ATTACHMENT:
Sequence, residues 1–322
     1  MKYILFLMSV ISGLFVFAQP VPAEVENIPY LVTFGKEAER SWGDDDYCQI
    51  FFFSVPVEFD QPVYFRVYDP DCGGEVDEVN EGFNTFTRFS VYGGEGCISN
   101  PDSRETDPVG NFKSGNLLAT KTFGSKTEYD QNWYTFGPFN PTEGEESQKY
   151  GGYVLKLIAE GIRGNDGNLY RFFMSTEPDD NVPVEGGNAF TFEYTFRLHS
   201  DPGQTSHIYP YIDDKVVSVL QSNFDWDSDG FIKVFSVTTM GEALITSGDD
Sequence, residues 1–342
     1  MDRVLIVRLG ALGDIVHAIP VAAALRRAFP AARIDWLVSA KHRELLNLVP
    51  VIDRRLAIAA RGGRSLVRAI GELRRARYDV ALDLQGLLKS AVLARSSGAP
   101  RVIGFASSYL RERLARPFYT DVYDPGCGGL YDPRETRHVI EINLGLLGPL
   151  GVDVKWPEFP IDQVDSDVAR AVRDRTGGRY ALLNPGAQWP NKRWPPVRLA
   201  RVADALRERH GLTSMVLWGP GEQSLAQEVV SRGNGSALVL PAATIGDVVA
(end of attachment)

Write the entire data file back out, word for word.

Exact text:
Sequence, residues 1–322
     1  MKYILFLMSV ISGLFVFAQP VPAEVENIPY LVTFGKEAER SWGDDDYCQI
    51  FFFSVPVEFD QPVYFRVYDP DCGGEVDEVN EGFNTFTRFS VYGGEGCISN
   101  PDSRETDPVG NFKSGNLLAT KTFGSKTEYD QNWYTFGPFN PTEGEESQKY
   151  GGYVLKLIAE GIRGNDGNLY RFFMSTEPDD NVPVEGGNAF TFEYTFRLHS
   201  DPGQTSHIYP YIDDKVVSVL QSNFDWDSDG FIKVFSVTTM GEALITSGDD
Sequence, residues 1–342
     1  MDRVLIVRLG ALGDIVHAIP VAAALRRAFP AARIDWLVSA KHRELLNLVP
    51  VIDRRLAIAA RGGRSLVRAI GELRRARYDV ALDLQGLLKS AVLARSSGAP
   101  RVIGFASSYL RERLARPFYT DVYDPGCGGL YDPRETRHVI EINLGLLGPL
   151  GVDVKWPEFP IDQVDSDVAR AVRDRTGGRY ALLNPGAQWP NKRWPPVRLA
   201  RVADALRERH GLTSMVLWGP GEQSLAQEVV SRGNGSALVL PAATIGDVVA